The Effects of α2A-Adrenergic Receptors on Glutamatergic Signaling in the Bed Nucleus of the Stria Terminalis
Flavin, Stephanie Anne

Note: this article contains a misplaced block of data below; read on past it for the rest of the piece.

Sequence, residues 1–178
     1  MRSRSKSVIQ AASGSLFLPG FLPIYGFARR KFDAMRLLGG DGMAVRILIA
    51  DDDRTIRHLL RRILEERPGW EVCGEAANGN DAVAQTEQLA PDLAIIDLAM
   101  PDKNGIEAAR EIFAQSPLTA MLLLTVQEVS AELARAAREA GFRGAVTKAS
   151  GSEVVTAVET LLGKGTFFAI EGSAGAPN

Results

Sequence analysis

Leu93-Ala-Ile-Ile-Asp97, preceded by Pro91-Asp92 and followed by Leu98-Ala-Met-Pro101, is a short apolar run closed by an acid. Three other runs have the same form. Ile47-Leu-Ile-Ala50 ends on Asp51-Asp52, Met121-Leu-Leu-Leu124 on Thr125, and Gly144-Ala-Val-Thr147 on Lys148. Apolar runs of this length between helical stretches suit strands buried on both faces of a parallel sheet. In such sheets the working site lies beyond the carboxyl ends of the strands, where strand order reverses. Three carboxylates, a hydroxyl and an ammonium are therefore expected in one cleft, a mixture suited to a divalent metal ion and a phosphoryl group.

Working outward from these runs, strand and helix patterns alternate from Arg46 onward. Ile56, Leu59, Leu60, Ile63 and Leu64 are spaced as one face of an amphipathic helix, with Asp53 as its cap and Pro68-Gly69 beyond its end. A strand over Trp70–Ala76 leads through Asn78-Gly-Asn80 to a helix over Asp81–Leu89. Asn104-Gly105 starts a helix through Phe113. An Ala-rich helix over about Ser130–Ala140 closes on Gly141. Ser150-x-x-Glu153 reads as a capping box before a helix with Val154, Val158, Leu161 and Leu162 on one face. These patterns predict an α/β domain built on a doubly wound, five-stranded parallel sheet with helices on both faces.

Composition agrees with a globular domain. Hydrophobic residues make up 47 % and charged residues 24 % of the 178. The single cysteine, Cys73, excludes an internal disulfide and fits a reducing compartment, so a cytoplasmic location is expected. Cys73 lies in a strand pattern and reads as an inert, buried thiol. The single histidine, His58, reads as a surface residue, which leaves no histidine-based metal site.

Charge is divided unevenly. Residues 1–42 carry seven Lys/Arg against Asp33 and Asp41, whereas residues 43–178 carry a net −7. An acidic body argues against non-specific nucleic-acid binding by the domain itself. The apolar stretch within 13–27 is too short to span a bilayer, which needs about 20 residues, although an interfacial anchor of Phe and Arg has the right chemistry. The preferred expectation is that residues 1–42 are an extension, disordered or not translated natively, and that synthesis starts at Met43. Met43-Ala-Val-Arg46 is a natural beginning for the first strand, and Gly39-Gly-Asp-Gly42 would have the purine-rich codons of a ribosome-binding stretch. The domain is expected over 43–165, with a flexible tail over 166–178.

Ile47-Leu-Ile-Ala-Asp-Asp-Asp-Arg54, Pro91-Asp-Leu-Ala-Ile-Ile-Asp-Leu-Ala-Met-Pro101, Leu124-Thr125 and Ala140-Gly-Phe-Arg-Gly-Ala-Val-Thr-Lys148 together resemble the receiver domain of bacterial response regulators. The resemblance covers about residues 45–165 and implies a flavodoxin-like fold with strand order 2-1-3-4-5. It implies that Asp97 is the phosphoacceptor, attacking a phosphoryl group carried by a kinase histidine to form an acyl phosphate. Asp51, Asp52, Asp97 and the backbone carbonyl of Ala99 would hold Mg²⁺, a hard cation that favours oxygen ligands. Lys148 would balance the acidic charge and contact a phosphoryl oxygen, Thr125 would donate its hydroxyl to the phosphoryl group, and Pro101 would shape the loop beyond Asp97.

Drug addiction is a chronically relapsing disorder characterized by cycles of drug use, withdrawal, and relapse. Stress-induced relapse of drug use is a significant barrier to curing addiction. The bed nucleus of the stria terminalis (BNST) is a brain region that has been shown to be involved in stress-induced relapse of drug-seeking behavior in rodent models. More specifically, norepinephrine signaling within the BNST has been shown to play a role in stress-induced relapse of drug-seeking. Additionally, α2-adrenergic receptor (AR) agonists within the BNST have been shown to block stress-induced reinstatement. Recently, a clinical trial was done testing the efficacy of a α2A-AR agonist guanfacine in preventing stress-induced relapse of drug-seeking behavior in humans. However, while α2-AR agonists are effective in blocking stress-induced relapse of drug-seeking in rodent models, the efficacy of guanfacine in humans was much less than expected. This decreased efficacy of guanfacine in humans may be due to multiple, possibly competing, effects of guanfacine on synaptic transmission in the BNST. Previously, it has been shown that α2A-ARs in the BNST can heterosynaptically decrease excitatory transmission and can decrease presynaptic release of norepinephrine homosynaptically. Using a combination of optogenetic approaches and immunoelectron microscopy, this dissertation reveals several novel actions of guanfacine in the BNST including 1) a decrease in glutamatergic transmission from the parabrachial nucleus input to the BNST, 2) a relative insensitivity of the basolateral amygdala input to guanfacine, and 3) an increased postsynaptic response mediated by α2A-ARs. This dissertation begins preliminary work to characterize these novel actions of guanfacine in the BNST, but future work outlined in this dissertation will be needed to understand if these actions work together to block stress-induced relapse of drug seeking in rodents or if these actions work at cross purposes. A better understanding of the specific actions of guanfacine in the BNST may allow for more selective targeting of guanfacine that will increase efficacy in preventing stress-induced relapse in humans.